Stephen Harper and Michael Ignatieff are leaving the suburbs and heading north - way north - Sunday night as both the Conservative Leader and the Liberal Leader are scheduled to arrive in Yellowknife.
Both parties clearly view the two-term New Democratic Party candidate, MP Dennis Bevington, as vulnerable in the Northwest Territories.
These will be the first visits of any of the national leaders to the territories so far in the campaign, where some potentially close races are shaping up.
As Prime Minister, Mr. Harper speaks regularly about the importance of arctic sovereignty and he tours the territories every summer. Yet one of the key issues in these three ridings will be whether Mr. Harper's subsequent actions lived up to his promises.
Mr. Bevington wrestled the sprawling Western Arctic riding from Liberal Ethel Blondin-Andrew in 2006. In that winter campaign, NDP leader Jack Layton ventured north for a dog-sledding outing with Mr. Bevington, a high-profile campaign stop that clearly paid off.
The NDP has yet to confirm whether Mr. Layton will visit the territories this campaign. However Mr. Layton is planning to unveil a northern platform in the next few days.
Prior to 2006, the three territories - which are also divided as three federal ridings - were Liberal strongholds. But after the NDP's 2006 breakthrough, Conservative Leona Aglukkaq managed to win a tight race in Nunavut in 2008.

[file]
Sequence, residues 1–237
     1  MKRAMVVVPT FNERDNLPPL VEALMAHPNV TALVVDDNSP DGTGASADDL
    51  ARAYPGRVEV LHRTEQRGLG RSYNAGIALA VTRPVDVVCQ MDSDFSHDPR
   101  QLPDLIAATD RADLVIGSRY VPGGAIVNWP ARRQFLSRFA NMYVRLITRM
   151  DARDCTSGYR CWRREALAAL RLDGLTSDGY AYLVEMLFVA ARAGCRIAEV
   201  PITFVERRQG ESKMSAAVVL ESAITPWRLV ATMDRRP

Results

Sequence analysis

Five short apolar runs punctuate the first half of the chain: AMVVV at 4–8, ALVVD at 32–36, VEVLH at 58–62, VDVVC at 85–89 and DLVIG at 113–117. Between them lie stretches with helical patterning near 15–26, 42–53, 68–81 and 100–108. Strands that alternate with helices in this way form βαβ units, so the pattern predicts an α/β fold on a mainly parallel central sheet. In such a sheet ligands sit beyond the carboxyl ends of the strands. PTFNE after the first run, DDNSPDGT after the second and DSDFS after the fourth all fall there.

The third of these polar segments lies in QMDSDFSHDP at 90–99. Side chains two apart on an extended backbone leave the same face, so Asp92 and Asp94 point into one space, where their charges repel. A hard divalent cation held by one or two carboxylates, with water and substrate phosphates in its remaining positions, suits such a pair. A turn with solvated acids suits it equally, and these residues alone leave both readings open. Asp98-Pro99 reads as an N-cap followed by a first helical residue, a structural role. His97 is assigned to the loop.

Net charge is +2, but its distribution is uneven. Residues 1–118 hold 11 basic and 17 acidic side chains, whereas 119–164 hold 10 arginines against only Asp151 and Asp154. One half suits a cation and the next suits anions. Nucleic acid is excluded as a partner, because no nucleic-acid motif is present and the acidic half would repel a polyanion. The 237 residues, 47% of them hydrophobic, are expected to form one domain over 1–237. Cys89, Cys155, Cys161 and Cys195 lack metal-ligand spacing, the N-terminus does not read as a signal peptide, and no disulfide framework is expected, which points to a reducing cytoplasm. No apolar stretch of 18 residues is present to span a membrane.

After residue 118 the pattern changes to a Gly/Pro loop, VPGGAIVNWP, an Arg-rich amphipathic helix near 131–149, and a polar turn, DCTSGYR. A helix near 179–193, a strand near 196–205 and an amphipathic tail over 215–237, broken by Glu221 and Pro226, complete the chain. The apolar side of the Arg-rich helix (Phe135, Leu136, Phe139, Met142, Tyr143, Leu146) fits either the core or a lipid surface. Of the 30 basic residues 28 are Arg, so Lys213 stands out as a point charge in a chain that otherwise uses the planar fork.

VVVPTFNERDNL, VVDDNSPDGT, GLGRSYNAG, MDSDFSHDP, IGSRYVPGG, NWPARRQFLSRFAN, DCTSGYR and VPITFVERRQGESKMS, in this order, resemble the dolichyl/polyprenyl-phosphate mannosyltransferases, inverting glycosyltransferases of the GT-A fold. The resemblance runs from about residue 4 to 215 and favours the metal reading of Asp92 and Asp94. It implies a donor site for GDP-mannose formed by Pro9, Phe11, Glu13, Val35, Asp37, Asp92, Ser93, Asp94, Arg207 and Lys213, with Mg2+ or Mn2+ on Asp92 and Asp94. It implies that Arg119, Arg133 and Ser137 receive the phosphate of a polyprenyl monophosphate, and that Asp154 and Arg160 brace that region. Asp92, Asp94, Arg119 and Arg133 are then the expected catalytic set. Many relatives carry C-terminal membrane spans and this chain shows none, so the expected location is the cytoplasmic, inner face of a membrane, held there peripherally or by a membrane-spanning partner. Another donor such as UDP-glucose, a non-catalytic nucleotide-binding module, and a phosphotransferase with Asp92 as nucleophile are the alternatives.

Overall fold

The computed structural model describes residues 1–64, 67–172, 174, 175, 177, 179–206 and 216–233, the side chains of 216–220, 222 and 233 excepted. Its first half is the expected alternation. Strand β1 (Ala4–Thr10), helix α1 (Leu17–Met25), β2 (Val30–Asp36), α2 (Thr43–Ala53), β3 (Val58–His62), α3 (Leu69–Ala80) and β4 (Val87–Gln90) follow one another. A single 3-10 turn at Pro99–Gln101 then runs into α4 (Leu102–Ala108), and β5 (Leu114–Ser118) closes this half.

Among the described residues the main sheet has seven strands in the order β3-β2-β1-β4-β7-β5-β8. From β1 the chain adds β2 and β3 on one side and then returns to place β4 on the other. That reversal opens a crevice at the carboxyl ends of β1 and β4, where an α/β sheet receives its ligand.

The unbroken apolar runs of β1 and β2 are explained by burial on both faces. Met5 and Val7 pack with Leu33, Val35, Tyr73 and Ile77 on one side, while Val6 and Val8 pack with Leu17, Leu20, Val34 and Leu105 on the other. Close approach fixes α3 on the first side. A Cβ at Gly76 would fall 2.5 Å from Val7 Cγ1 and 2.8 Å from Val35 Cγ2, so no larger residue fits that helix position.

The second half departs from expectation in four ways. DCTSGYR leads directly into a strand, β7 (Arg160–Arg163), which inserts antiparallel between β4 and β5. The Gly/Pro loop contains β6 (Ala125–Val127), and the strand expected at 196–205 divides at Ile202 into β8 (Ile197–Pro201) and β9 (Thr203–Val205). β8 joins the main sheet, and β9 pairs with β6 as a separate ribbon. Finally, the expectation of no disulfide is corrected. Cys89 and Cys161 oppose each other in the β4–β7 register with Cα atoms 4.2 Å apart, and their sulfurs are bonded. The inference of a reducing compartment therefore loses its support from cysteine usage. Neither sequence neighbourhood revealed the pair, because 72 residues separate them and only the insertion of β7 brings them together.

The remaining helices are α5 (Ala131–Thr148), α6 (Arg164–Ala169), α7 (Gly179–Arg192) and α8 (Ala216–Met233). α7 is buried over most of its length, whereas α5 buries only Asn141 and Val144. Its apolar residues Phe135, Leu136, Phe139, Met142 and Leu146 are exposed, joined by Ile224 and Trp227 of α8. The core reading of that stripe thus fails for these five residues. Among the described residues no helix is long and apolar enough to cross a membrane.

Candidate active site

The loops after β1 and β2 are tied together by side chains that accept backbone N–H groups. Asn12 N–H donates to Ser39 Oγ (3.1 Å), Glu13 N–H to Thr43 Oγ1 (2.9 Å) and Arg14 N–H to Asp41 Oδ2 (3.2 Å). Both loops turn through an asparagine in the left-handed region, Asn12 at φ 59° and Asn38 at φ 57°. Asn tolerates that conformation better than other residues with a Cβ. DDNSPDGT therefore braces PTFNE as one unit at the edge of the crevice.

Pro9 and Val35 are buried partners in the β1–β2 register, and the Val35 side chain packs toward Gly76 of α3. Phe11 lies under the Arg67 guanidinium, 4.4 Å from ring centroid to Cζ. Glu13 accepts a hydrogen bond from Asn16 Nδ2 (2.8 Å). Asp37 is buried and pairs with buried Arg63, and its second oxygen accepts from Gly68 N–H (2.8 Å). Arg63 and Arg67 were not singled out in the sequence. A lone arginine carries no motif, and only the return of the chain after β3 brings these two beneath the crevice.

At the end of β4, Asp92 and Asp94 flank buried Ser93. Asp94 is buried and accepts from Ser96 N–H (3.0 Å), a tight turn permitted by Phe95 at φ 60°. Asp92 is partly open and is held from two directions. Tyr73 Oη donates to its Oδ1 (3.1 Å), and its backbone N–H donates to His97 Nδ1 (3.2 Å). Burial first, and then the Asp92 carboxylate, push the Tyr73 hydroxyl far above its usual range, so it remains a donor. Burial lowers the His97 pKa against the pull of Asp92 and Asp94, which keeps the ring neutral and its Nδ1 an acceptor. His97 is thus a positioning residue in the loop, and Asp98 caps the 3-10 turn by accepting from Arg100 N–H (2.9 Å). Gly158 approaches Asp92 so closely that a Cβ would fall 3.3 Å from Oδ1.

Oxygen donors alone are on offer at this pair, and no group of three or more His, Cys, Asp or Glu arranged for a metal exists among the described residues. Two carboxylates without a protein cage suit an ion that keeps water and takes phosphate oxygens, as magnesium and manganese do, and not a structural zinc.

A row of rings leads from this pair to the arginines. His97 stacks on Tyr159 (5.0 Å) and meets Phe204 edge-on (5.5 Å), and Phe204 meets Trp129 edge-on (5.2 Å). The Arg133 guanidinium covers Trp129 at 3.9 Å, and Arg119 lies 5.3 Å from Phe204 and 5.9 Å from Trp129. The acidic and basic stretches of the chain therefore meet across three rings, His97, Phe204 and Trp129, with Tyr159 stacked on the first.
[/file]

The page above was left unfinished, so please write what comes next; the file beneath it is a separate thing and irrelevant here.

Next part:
That leaves the Liberals with Yukon, where Larry Bagnell has held the riding since 2000. The Conservatives have tried their best to make the long-gun registry an issue in the territories and are hoping that pays off on election day.
The small populations in the north mean a few thousand votes can turn a riding. But reaching voters is a logistical and financial challenge, given the remoteness of many communities.
For their part, the Liberals aren't throwing up their hands.
The party has two former premiers running to win back those two seats: Joe Handley in Western Arctic and Paul Okalik in Nunavut.
Despite the Liberals' two high-profile candidates, they will still face a big challenge to win back voters.
In 2008, the Liberals dropped to third place in Western Arctic. The Conservatives were a close second to Mr. Bevington. This time the Conservative candidate is Sandy Lee, a former territorial health minister.
In Nunavut, Ms. Aglukkaq won in 2008 with 2,815 votes, followed by 2,349 votes for the Liberal candidate and 2,228 votes for the NDP. While the Liberals now have a higher-profile candidate, they will have to compete with the fact that Ms. Aglukkaq has represented the riding in the high-profile health portfolio.